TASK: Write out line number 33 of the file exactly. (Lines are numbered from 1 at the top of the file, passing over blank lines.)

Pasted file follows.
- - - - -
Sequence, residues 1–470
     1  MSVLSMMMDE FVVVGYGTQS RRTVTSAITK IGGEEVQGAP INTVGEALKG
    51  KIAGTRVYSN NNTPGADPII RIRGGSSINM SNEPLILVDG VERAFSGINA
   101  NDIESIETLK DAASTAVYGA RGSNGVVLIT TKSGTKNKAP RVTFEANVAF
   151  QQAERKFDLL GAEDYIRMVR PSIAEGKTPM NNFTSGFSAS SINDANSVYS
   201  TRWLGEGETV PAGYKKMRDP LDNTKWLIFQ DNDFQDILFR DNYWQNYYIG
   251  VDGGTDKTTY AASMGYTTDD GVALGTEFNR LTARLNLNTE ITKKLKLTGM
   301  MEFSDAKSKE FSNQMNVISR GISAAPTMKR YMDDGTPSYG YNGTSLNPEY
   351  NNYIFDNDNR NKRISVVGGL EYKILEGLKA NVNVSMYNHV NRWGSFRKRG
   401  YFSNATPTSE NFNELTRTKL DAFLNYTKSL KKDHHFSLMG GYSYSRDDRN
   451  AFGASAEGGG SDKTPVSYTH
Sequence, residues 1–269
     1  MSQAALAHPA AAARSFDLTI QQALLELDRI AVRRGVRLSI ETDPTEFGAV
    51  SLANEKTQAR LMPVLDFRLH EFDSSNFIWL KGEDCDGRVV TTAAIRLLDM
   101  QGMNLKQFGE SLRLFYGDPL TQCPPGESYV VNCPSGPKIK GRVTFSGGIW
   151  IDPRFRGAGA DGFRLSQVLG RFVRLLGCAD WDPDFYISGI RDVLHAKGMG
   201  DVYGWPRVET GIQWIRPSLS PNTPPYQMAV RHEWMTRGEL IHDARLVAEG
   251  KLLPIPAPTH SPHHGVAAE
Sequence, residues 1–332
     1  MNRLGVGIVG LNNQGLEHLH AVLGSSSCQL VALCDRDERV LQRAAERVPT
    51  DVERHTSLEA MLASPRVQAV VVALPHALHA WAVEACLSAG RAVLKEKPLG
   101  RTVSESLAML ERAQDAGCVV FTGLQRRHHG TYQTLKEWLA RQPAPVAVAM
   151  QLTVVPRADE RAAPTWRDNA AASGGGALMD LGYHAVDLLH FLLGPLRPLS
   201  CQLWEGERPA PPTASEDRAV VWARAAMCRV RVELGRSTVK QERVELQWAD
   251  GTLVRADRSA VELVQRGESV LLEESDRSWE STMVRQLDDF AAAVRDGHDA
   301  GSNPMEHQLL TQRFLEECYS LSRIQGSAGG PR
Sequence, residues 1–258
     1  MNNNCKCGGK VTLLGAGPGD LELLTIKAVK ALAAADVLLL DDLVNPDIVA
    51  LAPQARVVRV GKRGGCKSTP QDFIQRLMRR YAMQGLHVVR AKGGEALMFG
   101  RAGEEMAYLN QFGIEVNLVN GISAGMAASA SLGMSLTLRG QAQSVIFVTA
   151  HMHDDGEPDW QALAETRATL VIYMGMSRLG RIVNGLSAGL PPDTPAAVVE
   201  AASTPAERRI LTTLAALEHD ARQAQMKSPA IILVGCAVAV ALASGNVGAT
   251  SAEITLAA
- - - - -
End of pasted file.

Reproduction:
   251  SAEITLAA